SpaceX boss Elon Musk unveiled to the world the company’s shiny Starship prototype on Saturday, September 28. The fully-assembled Starship Mk.1 is the company’s first definitive step towards building a spacecraft capable of interplanetary flight. Starship, in SpaceX’s own words, will service missions to Earth orbit, the Moon, Mars and beyond. But there is one scientist who is concerned by SpaceX’s ambitious reach for the stars.
Astrobiologist Samantha Rolfe from the University of Hertfordshire has expressed her doubts about the Starship’s Mars-bound trajectory.
In an article penned for The Conversation, the scientist said she “can’t help having a number of moral reservations” about SpaceX’s goal of landing on Mars by 2024.
The scientist warned the trip could end up being a more of a “moral catastrophe than a bold step in space exploration”.
Dr Rolfe said: “There are many reasons to believe SpaceX will succeed.
“The company has been extremely impressive in its contribution to space, filling a gap when government agencies such as NASA could not justify the spending.
“It’s not the rocket technology that I doubt, my concern is mainly astrobiological.”
According to the scientist, sending human explorers to Mars carries many inherent risks to human safety but also the safety of the Red Planet itself.
The possibility of Mars harbouring microbial alien life has fascinated astrobiologists for decades.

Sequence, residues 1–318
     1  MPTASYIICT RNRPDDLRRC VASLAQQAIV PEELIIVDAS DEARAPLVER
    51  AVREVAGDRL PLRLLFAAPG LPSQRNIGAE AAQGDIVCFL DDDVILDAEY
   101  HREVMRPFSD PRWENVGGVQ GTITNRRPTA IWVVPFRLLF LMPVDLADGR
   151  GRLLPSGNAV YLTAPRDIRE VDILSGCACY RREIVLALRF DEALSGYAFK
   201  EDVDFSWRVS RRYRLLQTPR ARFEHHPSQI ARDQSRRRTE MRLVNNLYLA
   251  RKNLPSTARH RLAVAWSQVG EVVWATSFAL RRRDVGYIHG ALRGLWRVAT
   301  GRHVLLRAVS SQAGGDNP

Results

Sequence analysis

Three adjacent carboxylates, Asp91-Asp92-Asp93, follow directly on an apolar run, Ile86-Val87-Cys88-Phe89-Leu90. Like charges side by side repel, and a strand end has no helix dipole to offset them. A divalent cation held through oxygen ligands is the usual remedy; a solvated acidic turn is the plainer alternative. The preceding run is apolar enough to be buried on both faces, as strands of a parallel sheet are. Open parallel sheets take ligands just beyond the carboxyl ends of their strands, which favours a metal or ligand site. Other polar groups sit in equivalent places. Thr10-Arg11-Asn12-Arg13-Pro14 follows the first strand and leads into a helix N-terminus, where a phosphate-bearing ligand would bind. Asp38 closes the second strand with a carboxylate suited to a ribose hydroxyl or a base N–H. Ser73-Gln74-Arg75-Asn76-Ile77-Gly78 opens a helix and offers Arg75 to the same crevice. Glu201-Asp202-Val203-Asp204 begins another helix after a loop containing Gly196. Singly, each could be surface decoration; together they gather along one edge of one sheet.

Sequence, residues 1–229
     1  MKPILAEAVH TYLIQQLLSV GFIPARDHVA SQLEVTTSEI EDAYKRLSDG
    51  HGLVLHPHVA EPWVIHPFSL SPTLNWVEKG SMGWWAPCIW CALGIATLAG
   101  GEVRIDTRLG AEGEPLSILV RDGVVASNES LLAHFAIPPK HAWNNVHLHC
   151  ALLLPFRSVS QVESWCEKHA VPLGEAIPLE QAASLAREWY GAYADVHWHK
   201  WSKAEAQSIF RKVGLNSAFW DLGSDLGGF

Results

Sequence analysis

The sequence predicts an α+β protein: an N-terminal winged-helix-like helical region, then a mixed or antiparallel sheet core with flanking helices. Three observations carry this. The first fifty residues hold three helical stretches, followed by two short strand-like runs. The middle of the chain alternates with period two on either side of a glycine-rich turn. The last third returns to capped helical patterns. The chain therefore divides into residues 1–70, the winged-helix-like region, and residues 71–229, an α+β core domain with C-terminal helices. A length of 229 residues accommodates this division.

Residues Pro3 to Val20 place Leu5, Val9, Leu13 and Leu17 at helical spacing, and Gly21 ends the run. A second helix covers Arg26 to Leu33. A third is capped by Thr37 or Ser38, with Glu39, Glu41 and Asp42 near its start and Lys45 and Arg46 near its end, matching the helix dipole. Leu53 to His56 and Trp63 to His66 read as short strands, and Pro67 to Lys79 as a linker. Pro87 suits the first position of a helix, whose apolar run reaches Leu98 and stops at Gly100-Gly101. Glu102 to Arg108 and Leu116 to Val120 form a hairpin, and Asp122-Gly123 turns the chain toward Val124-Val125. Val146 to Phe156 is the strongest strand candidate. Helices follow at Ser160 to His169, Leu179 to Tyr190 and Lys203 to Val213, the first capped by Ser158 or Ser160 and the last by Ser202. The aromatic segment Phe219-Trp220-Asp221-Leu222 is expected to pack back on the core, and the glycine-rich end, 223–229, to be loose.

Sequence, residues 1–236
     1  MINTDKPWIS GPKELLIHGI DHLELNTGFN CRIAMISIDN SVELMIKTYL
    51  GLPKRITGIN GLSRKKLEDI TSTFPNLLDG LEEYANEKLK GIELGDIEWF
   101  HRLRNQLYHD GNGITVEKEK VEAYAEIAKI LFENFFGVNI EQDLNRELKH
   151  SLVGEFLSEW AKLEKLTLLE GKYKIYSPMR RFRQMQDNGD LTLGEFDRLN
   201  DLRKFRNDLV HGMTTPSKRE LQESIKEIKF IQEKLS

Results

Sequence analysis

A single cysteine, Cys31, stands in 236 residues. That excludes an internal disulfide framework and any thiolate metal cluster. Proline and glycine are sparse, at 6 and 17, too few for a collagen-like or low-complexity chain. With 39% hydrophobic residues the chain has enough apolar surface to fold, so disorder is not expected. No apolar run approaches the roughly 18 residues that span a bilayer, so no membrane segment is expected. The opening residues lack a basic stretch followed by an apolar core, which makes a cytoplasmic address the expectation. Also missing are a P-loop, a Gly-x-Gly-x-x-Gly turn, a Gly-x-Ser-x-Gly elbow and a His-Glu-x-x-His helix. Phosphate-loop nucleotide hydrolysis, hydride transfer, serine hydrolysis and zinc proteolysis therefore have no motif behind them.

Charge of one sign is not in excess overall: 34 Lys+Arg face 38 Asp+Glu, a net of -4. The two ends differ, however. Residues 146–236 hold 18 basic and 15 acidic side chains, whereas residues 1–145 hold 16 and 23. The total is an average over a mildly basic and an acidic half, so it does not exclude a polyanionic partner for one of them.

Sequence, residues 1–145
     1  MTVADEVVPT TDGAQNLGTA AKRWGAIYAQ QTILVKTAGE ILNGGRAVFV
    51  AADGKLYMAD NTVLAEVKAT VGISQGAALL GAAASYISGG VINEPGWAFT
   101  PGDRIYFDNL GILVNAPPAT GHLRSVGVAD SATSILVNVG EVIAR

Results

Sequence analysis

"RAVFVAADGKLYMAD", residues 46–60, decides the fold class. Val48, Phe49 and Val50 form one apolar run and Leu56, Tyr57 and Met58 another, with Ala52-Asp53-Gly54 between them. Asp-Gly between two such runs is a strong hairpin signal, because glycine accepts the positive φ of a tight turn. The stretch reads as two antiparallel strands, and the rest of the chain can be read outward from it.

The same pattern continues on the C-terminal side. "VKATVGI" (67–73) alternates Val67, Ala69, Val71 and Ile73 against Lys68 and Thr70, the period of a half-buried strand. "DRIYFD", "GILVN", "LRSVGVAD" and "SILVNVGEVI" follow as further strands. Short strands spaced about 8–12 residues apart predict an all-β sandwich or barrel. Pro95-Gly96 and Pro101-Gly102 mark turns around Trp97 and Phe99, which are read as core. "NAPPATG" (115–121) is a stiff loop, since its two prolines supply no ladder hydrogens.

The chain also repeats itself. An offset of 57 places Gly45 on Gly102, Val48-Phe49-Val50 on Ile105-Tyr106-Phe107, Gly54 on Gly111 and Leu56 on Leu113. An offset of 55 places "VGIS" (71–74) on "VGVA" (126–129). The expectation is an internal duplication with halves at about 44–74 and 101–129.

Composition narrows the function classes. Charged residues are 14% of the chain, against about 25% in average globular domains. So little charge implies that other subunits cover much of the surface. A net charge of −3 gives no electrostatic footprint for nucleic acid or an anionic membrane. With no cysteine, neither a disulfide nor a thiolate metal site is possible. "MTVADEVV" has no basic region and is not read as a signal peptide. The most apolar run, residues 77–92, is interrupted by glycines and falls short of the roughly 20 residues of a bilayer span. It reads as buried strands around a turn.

But sending humans to Mars carries the risk of contaminating the planet with Earth-based organisms.
Dr Rolfe said: “There is a risk that microbe-ridden humans walking on the Red Planet could contaminate it with bugs from Earth.
“And contamination may threaten alien organisms, if they exist.
“It may also make it impossible to figure out whether any microbes found on Mars later on are Martian or terrestrial in origin.”
Another risk factor that needs to be considered is the potential for loss of life on a Mars-bound journey.
Unlike our home planet, Mars does not have a strong atmosphere and magnetosphere that protects it from solar radiation.
Astronauts flying to Mars would also be exposed to high levels of radiation during the six to eight-month-long trip through space.
Unfortunately, technology is not up to par in this area and long exposure to space radiation threatens memory impairment and brain damage.
Dr Rolfe said: “I’m not sure that it is fair or ethical to expect astronauts to be exposed to dangerous levels of radiation that could leave them with considerable health problems – or worse, imminent death.
“Add to that the environmental impact of these missions, which release a lot of carbon dioxide, if they become frequent.
“So while there is obviously a lot to gain from sending humans to Mars, the risks of contaminating Mars, injuring astronauts and damaging the environment are very real.
“I would argue that it is our moral obligation to prevent such damage. I hope SpaceX is putting as much thought into this as it has into its launch vehicles, and I would like to see this become a priority for the company.”